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Changing Perceptions Through Ecotours

Volume 1 Number 1 - April 2004
Rusty Worsman and Karen Gray

French

Spanish

Résumé en Français

Resumen en Español

Mount Tomah Botanic Garden is the cool climate garden of the Botanic Gardens Trust, Sydney.  It is located 100 kilometres west of Sydney in the Blue Mountains at an altitude of 1000 metres. The Garden has a representation of mainly Gondwanan flora.  In 1994 a spectacular 186 hectare property adjoining the Garden was purchased primarily to access water.  The property contains a stunning array of Australian flora in a rugged Blue Mountains landscape.  

The Mount Tomah Ecotour concept has been developed in consultation with tourism groups and the University of Western Sydney.  Ecotourism involves interpretation of natural and cultural environments and ecologically sustainable management of the natural area being visited. Ultimately it is hoped that people on these tours will have an experience which changes their outlook or behaviour in some way.  The concept of ecotourism complements the Mission of the Trust: “To inspire the appreciation and conservation of plants”.

Imagine walking into a forest with tree ferns towering ten or more metres above your head.  It is cool despite the summer heat, as the canopy begrudgingly allows sun to filter through to the forest floor. As you walk along the track a lyrebird whistles evocatively down the valley.  This is the Mount Tomah Ecotour....

The Tomah Ecotour is a new experience to expand the educational opportunities for visitors to Mount Tomah Botanic Garden.  The Ecotour is a four kilometre guided tour through the diverse ecosystems of the 186 hectare conservation area. This is surrounded by the National Parks that are part of Greater Blue Mountains World Heritage Area (encompassing over 1 million ha.).  An important aim of the Tomah Ecotour is to fulfil the corporate mission of the Botanic Gardens Trust Sydney:  “To work with the community to increase the knowledge and appreciation of plants and their critical role in the sustainability of our natural and urban environments, and to manage our open spaces as inspirational places for recreation, cultural events and celebration”. Natural areas managed by botanic gardens present a perfect opportunity to provide a broader educational focus, to present a range of ecosystems for the study of ecology (White, 1996).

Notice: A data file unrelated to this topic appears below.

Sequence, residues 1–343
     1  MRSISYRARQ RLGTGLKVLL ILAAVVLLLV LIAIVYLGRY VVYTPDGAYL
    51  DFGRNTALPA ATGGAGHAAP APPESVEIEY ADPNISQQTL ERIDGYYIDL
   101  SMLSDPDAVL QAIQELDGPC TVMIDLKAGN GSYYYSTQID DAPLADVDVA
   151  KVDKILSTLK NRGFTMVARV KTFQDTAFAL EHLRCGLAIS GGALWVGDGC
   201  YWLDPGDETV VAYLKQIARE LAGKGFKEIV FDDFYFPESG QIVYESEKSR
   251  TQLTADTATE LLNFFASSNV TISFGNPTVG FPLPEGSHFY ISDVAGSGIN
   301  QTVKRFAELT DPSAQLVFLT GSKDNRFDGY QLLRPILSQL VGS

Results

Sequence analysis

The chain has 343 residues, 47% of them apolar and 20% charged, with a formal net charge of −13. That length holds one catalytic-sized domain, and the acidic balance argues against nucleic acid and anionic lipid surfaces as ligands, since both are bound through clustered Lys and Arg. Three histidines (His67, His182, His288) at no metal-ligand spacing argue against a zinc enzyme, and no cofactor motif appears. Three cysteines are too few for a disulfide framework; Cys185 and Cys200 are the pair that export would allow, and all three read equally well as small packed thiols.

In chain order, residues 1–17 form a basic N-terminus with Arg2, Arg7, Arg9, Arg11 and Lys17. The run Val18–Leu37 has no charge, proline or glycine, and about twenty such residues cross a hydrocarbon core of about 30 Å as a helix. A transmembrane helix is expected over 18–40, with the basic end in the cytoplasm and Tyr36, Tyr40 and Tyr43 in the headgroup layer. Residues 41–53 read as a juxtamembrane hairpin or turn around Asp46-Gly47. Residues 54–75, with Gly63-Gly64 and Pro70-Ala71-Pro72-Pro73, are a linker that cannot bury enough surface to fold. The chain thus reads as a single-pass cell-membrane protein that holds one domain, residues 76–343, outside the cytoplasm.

This article highlights the philosophy for establishing the Tomah Ecotour, the processes involved in the development and management of the Ecotour and key lessons learnt along the way.

Why Ecotourism?

The tourism industry’s growth brings with it a need to protect the environment to ensure its future success - as a large part of the industry exists chiefly because of the attractiveness and quality of the environment (Stabler 1997). The Blue Mountains region supports an extensive tourist industry and is famous for its adventure and nature-based activities such as canyoning, climbing, bush walking and mountain biking. Nature based tourism often relies more on the ‘wow’ of the nature without any interpretation. Ecotourism is distinct from other forms of nature based tourism in that it involves interpretation of natural and cultural environments and ecologically sustainable management of the natural area being visited. It supports conservation and brings benefits to the local community (Beeton 1998).

The definition of Ecotourism differs throughout the world, however it is generally considered to be environmentally and socially responsible travel that minimises negative impacts and promotes conservation (Stemm et.al, 2003). Ecotourism represents only a small segment of the tourist industry, but, it is well recognised that the philosophy and principles of Ecotourism need to be practiced by the broader industry. This is the most appropriate form of tourism for meeting the Mount Tomah Garden’s conservation objectives. 

Where to Start?

Visitors to Mount Tomah Botanic Garden were surveyed to assess their interest in participating in an ecotour. The Ecotour product needed to be defined: what should be offered?  What would be the tour options? How long should it be? Who was our target market?  Links were made with the local tourism industry to understand the local market and assist in promotion. The trail was constructed by selecting the most appropriate route to minimise any environmental impact. The track width was limited to one person to reduce the need for vegetation clearance and enhance the wilderness experience of the tour. Research was conducted to develop the most effective interpretation for the tour, such as sourcing local history and talking to the local community. Promotional material including a brochure and website was then designed and produced.